Saturday, October 28, 2006
Here is a link to a Boston Globe on-line story with further details, following up on Mike Frisch’s remarkable previous post, on a Massachusetts bar discipline matter involving three attorneys alleged to have tried to extort a law clerk in order to help reverse an unfavorable trial court ruling. The Board of Bar Overseers, he reported, recommended disbarring two lawyers and suspending a third. The further details making the story curiouser and curiouser include the fact that the third lawyer used to be chairman of [wait for it] ... that Board of Bar Overseers (and once president of Nike). One of the others had been "ethics counsel" to two governors; another, a state prosecutor.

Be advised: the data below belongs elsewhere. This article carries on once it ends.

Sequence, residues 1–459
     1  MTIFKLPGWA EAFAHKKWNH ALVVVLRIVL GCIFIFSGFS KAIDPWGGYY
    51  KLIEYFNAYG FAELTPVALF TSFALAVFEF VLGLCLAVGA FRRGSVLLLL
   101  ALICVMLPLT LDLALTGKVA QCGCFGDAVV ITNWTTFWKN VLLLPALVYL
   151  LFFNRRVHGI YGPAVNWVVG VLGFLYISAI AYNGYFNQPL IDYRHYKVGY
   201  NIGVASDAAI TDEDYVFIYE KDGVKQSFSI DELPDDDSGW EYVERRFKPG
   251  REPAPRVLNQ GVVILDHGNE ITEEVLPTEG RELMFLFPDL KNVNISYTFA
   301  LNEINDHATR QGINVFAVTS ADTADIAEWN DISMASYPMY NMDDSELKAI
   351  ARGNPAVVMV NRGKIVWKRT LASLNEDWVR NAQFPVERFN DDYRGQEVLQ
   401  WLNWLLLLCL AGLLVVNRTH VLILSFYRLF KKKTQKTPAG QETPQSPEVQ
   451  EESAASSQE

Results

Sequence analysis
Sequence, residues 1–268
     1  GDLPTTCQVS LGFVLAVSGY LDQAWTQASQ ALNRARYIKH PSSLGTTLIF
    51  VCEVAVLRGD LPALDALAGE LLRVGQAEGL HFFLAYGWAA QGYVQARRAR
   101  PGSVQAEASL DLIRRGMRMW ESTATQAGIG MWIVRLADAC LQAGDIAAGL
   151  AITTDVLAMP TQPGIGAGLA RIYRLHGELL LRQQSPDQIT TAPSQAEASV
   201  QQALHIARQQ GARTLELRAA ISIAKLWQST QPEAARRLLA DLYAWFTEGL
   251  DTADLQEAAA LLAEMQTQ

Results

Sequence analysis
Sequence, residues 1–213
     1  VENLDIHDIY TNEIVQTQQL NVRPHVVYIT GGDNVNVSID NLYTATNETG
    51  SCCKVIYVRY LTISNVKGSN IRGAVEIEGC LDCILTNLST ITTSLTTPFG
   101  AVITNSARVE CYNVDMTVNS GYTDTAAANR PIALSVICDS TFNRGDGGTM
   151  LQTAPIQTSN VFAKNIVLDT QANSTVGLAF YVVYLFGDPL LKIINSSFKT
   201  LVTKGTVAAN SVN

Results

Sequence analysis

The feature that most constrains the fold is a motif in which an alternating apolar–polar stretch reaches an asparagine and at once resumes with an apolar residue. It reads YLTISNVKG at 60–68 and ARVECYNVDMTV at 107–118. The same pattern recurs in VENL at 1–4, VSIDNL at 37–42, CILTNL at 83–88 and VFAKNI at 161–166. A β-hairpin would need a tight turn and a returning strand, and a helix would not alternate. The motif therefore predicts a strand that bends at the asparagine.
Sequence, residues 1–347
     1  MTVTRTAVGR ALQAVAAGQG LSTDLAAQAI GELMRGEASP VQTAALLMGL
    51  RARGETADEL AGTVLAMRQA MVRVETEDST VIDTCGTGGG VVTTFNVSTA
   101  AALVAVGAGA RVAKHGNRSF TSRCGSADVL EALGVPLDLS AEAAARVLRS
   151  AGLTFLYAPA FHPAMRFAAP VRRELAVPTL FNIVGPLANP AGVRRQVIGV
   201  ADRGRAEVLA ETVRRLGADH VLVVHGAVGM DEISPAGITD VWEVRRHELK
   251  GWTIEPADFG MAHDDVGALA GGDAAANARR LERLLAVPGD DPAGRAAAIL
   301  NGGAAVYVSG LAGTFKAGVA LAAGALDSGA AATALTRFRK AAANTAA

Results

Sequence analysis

You cannot make this stuff up. But it does make a bit more sense out of the comment I made to Mike in reply before (below his post), as to how bizarrely careful (and ultimately lucky) they were to meet the clerk in a state where surreptitious taping is legal. (I thought at the time it seemed to be like making sure not to use the mails while murdering someone.) Maybe, I am now guessing, it was not such a bizarre calculus on their part. Perhaps lawyers involved in such a plot with a background in ethics and prosecutions may have calculated the difference between taping–an easily provable crime (and ethics offense) that is nearly strict liability because it does not seem to depend upon intent–and their larger plot, which presumably had some harebrained 'plausible deniability' built into it which came down to their word (their esteemed and ethically experienced word) against a lowly law clerk’s. They were not just MoeCurlyLarry after all, as I had suggested, yet they clearly did not count on law clerk getting FBI to mike them back. All of this is speculation on my part, but that’s what makes more sense to me after I know more about the three. How else did they think they could get away with this rube goldberg plot? (One explanation [not mine but does explain the taping and strategy above somewhat]: their view of the facts is correct, that they intended to expose judicial misconduct not extort anyone, over the hearing examiner's view.) Further blogging on this case is now found at How Appealing as well. Anyway, the lawyer's former chairmanship of the BBO adds new meaning to the phrase 'bar oversight.' [Alan Childress]